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Deaf grandmother overcomes dyslexia to win university place

Colette Scotton is thrilled to be studying nursing at Anglia Ruskin after a difficult childhood

Tuesday 25 July
Deaf grandmother overcomes dyslexia to win university place

Editor - July 25 at 07:00

The trainee nurse and mum-of-three has been partially deaf since contracting an ear infection which destroyed her hearing at the age of two. She learned to lipread and wears hearing aids in both ears. After spending years struggling in education and never properly learning to read or write, Colette left school aged 16 with no GCSEs. "School was not a nice experience for me," she said. "I missed chunks of my education growing up because I went to eight different schools, and I grew up thinking I was just plain stupid."
Colette felt she was the odd one out because of her hearing and difficulty in lessons, and was bullied by her peers as a result. "I used to get picked on and I didn't like standing up in front of a class because it made me feel like an idiot, so the teachers tended to leave me alone." Colette didn't find out she was dyslexic until she was 21, when she tried to return to education and was diagnosed with the learning difficulty. "A lot of children with hearing impairments suffer from dyslexia. When we learn phonics in school, we miss the sounds and don't grasp the spellings. "Because I understand that now, it makes my learning easier as I know it's not just me. It’s not a disability or a condition, it’s just dyslexia."
But after becoming a single mum to a daughter and a son, she was forced to drop out of education for the second time and found work as a maternity care assistant in a hospital. Colette Scotton, 45, has just completed her first year studying Adult Nursing at Anglia Ruskin University, after deafness and dyslexia caused her to struggle through education for years. She said: "I was starting to progress, but because I had kids, education was too much of a commitment." Years later, Colette became determined to have another go. "As my kids got older, I realised I didn't want to be a mum who couldn't read or write. "I wanted to be able to help my kids. I wanted to do more than just be a health care worker and realised I needed to go back into education."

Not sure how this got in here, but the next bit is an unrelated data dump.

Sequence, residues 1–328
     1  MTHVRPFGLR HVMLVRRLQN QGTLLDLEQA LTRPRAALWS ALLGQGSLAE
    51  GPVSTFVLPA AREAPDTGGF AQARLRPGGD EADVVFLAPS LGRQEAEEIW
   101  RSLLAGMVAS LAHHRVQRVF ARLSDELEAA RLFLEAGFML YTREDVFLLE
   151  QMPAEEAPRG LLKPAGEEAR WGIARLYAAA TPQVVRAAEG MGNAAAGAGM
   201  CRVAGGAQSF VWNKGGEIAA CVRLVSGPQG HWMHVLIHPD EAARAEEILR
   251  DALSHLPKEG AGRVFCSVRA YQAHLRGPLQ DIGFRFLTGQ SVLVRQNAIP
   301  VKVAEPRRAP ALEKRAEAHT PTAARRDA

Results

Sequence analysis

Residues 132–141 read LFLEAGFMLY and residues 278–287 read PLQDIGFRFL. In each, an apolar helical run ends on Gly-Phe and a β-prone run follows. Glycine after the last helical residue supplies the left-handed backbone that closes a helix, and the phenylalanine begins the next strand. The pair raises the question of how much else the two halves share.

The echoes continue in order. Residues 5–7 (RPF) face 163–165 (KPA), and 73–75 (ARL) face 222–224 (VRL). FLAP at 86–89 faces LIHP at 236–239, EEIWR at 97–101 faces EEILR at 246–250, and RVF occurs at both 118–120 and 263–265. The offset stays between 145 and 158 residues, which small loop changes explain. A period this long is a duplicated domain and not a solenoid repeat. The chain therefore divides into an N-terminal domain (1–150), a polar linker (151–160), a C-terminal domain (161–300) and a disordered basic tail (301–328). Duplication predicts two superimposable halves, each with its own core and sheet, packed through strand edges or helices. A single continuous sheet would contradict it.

Colette passed the Access to Higher Education (HE) Diploma with a merit and after many rejected applications, Anglia Ruskin University accepted her onto their three-year course in Adult Nursing. "I was floored when Anglia Ruskin University accepted me. A year later, I’m here doing really well and I can’t believe it." She has been given disability support thanks to Clarion UK, a small company in Royston dedicated to helping deaf people.
Clarion UK arrange for Colette to have a specialist mentor who proofreads essays and gives guidance on learning, and note-taker Kathryn, who comes into lectures and tutorials and takes notes for her. Colette said: "Kathryn is an absolute diamond and an immense support to me, we get on really well and that’s what I need. "Without her I’d really struggle, she's the most important part of the process at the moment. "If I didn't know this support was available I probably wouldn't have gone to university, I wouldn't be able to cope. "I’m so happy to have Clarion UK and my team because without them my learning journey would stop still." "It’s hard balancing being a mum, a grandmother, a student and working. I'm juggling these four balls and keeping them in the air is tiring, but my kids are proud of me. "I wanted to prove that if you strive for long enough you can achieve anything. If you want something, don't sit back and moan about it, do something about it." Colette Scotton, 45, has just completed her first year studying Adult Nursing at Anglia Ruskin University, after deafness and dyslexia caused her to struggle through education for years. "Once I've passed my nursing degree I would like to try A&E, I love the adrenaline and the fast pace. I don't want to jinx it but I've planned my graduation dress and I'm going to start a family tradition. "I may be the first in my family to graduate so I want to say to everybody, including my grandchildren, 'I did it, here’s the evidence'." Colette had some advice for anyone considering returning to education. She said: "Get out there and do it, start small and build yourself up. "My education has been a struggle but it’s been worth it and I wouldn't change anything. "Whatever your difficulties are, challenge and push yourself. I did just that and I got in! "If you’re not sure what support is out there, go and speak to somebody. With the right support and the right people, anything is possible.”
Colette Scotton, 45, has just completed her first year studying Adult Nursing at Anglia Ruskin University, after deafness and dyslexia caused her to struggle through education for years. Magdalena Zieba, who works at Clarion UK, said: "Every year, Clarion UK receives a large number of students’ referrals for universities and colleges across the UK. "We evaluate the students’ needs - be it support for Deaf, Visually Impaired, or non-Medical help students - and establish whether or not we have enough resource in the area with the right qualifications and experience to be able to support and meet the complex needs of individual students. "Colette's circumstances, including her having to juggle a lot of different responsibilities and study at the same time, inspired all members of staff in the Education Team at Clarion and we did everything we could to ensure that she had her support in place for the entire academic year."
Source:Cambridge News

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